Father Thomas Kearns, who now lives at Blessed Sacrament Parish in Kansas City, Kan., celebrates the same Mass schedule he’s had for his entire priesthood.

“I would say this is a very good time for my priesthood,” said Father Kearns, 76, whose last assignment as pastor of Holy Trinity Parish in Paola ended six years ago.

“I’ve been very fortunate,” he con- tinued. “I have good health and continue to enjoy celebrating the Mass. It’s simpler — I don’t have meetings or the responsibility of budgets or collecting money, so I can spend more time visiting people, especially parishioners and those in the hospitals.”

Like most retired priests, he doesn’t miss much of his former role, except the relationships he had with parishioners.

“It’s a really strong and beautiful relationship I feel I don’t have as a retired priest,” said Father Kearns. “I have good relationships, but it’s just different. To a degree, I miss [being a pastor], but not enough to go back to being a pastor.”

Without these retired yet active priests, some Catholics — those in prisons, nursing homes, hospitals and campus ministries — would have fewer opportunities to receive the sacraments.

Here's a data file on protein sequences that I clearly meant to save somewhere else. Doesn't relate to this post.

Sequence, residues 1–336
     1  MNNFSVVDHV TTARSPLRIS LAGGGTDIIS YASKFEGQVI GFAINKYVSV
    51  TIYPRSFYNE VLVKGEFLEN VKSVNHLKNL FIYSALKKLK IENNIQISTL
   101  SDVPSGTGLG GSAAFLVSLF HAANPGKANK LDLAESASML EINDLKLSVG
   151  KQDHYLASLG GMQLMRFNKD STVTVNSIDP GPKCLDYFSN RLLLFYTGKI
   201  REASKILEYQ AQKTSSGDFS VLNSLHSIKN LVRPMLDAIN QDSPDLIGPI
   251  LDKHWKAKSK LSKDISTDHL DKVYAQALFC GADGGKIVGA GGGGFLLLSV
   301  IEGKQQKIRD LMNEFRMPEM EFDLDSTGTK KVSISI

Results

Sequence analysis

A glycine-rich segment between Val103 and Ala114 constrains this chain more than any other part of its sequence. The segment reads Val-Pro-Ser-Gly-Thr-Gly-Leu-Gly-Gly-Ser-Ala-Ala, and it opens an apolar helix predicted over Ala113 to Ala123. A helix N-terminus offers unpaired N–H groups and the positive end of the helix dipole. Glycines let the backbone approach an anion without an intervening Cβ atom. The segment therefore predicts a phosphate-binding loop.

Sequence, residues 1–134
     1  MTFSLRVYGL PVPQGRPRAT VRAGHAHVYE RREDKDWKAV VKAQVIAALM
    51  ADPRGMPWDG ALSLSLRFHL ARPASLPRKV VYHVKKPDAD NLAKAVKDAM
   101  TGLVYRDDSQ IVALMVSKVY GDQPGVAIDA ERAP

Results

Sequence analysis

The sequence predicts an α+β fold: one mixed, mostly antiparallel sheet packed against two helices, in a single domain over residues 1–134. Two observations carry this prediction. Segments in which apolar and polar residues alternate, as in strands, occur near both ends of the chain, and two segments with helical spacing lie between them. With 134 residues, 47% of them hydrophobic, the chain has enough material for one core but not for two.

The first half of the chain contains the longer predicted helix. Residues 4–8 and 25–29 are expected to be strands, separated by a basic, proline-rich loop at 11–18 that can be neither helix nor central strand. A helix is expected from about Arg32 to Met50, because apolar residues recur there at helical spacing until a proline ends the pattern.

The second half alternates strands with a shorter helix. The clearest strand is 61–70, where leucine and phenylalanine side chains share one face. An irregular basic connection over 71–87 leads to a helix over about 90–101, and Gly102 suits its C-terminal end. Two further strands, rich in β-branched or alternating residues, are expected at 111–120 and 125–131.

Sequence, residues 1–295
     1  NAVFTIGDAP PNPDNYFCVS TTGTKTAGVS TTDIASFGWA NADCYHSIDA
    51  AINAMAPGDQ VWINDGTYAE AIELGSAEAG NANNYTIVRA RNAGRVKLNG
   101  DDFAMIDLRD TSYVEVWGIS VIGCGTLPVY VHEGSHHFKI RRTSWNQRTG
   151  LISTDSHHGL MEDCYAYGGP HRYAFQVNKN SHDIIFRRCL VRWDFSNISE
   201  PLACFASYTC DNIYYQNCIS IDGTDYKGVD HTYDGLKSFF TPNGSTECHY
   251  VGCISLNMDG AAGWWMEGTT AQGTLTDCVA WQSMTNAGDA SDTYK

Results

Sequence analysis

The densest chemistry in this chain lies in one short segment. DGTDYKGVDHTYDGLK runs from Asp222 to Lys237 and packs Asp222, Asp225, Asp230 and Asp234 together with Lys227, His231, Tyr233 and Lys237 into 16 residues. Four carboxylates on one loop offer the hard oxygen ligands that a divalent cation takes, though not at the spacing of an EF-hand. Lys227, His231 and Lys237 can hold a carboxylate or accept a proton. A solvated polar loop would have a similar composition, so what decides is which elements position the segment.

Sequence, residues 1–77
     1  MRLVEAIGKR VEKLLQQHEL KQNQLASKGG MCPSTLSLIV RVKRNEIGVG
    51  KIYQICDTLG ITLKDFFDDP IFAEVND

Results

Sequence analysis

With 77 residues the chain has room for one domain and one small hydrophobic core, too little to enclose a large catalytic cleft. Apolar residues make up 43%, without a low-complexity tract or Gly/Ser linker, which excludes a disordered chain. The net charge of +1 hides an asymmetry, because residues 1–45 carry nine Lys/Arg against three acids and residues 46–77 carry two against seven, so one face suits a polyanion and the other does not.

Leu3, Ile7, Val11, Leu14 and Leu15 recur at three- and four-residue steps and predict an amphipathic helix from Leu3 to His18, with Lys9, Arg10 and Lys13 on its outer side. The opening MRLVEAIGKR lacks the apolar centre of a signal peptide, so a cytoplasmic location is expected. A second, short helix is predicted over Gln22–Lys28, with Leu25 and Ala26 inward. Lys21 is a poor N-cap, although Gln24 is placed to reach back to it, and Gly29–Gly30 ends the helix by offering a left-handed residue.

Another priest filling an important niche is Father Robert Burger, 87, who now lives at Villa St. Francis in Olathe.

“My job is sacramental minister at the Villa,” he said. “I take care of all the [sacramental needs].”

Although his “parish” is a small one, he is greatly appreciated by his fellow residents. He helps them to grow spiritually and, in turn, experiences that growth himself.

“I think [spiritual growth] is my primary interest these days,” he said. “I don’t know how much longer God is going to give me life. I’m the second-oldest priest in the archdiocese.”

Even so, Father Burger understands that his ministry is an important one. His fellow retired priests agree.

“We fill a very important role,” said Father Kearns. “The pastors say that, and I know the archbishop feels that way. All of us who are retired, I think, feel fulfilled in our ministerial roles. All of us are doing things to various degrees. These are different ways of helping out that helps the church and makes us more fulfilled.”

About the author

Joe Bollig

Joe has been with The Leaven since 1993. He has a bachelor’s degree in communications and a master’s degree in journalism. Before entering print journalism he worked in commercial radio. He has worked for the St. Joseph (Mo.) News-Press and Sun Publications in Overland Park. During his journalistic career he has covered beats including police, fire, business, features, general assignment and religion. While at The Leaven he has been a writer, photographer and videographer. He has won or shared several Catholic Press Association awards, as well as Archbishop Edward T. O’Meara awards for mission coverage. He graduated with a certification in catechesis from a two-year distance learning program offered by the Maryvale Institute for Catechesis, Theology, Philosophy and Religious Education at Old Oscott, Great Barr, in Birmingham, England.